Christian show or tell?

I recently had a brief and good but challenging conversation with a friend about Christian belief. It wasn’t a long drawn out one, but as they were explaining the ins and outs of why a particular belief was important, I could feel my body tense up and my heart shut down.

The only thing I could think of was “I don’t care. I don’t care. I don’t care. I don’t want to talk about this. I don’t want to talk about this. I don’t want to talk about this.”

It felt crappy because I want to be able to stay in and listen well and converse about theology when I need to.

At the same time, I realize that I feel so done with picking apart belief that sometimes even a simple conversation about it sets me on edge and makes me briefly want to re-consider agnosticism.

I am not saying my feelings are good to lean into. My defenses are important to examine and that there’s obviously some work that needs to be done so I can engage in these kinds of conversations more freely and fully without wanting to run for the hills.

I also know this person’s heart and there was absolutely no malice in it.

But as I was reflecting on it, trying to get to the heart of what was going on inside, I think my aversion to belief conversations dovetails into a much deeper struggle I have with Christian “telling.”

Telling what we should believe.

Telling why we need to believe.

Telling what’s right and wrong, who’s in and out, what’s truth and not-truth.

Telling in words, words, and more words.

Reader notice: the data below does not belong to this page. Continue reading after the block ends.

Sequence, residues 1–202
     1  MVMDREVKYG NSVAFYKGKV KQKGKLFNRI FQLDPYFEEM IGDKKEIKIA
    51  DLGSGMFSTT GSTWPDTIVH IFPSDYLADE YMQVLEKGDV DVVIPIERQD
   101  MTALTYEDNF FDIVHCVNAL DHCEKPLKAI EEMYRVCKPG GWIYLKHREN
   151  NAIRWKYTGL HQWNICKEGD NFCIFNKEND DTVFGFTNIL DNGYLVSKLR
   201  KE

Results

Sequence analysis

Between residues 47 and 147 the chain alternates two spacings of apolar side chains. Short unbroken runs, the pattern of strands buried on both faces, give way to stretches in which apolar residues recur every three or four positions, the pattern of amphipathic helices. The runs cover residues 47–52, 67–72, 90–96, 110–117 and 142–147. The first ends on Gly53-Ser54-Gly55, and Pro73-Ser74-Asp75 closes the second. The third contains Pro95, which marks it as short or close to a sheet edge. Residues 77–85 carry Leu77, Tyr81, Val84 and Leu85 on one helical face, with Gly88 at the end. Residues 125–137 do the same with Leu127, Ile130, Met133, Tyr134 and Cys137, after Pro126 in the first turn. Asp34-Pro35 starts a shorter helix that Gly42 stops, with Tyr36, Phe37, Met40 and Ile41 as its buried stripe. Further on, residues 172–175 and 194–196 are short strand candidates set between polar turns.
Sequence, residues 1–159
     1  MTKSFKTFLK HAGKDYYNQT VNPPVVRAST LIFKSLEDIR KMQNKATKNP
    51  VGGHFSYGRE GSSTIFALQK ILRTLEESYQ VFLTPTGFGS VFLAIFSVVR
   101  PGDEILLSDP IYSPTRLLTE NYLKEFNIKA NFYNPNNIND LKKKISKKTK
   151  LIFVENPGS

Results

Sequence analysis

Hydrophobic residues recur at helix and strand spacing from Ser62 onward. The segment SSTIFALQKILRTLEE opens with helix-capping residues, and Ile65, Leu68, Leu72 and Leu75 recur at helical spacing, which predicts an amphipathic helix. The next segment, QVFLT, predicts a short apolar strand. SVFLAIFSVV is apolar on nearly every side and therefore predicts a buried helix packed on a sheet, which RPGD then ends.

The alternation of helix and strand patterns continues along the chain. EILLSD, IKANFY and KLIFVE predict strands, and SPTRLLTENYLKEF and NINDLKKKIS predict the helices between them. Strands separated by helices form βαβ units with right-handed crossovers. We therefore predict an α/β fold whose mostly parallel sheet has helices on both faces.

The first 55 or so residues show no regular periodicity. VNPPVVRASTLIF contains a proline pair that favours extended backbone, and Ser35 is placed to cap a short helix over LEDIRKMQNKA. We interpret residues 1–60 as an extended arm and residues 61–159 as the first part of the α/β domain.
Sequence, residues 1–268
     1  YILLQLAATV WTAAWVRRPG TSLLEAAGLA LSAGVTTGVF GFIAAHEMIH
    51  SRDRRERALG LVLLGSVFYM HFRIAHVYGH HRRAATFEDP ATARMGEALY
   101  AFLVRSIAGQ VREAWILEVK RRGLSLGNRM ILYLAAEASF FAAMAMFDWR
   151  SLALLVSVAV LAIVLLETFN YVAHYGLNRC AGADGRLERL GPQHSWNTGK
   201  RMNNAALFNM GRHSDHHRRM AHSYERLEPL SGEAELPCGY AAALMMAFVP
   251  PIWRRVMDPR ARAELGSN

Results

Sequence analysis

For many generations now a lot of Western Christianity has built a large and strong empire on Christian telling. On a model of people sitting in rows facing forward having someone tell us what to believe. On a framework of particular beliefs and doctrines and dogma. On a “we’ve got the answers and let us tell you what they are” culture. On a multi-billion dollar book & music & schwag industry.

For many, it still works, and obviously the Christian industry financials remind us that Christian telling is still profitable.

But for a whole lot of other people who have exited traditional faith, are on their way out, have really bad tastes in their mouth from faith experiences, or are longing to live out their faith in more tangible in-the-flesh ways, I think it’s run its course.

I believe one of the reasons modern Christianity is so topsy-turvy right now is because people are tired of Christians “telling.”

Too many words and not enough actions behind it.

Too much judgment and certainty not enough love and humility.

Too much control and not enough example.

Too much of a systematic theology and not enough of a practical one.

Too many unhealthy hierarchical systems bent against those on the underside of power.

Too much separation and not enough connection.

Too much telling and not enough showing.

Yeah, I think the world is crying out for hope, for Christian “showing.”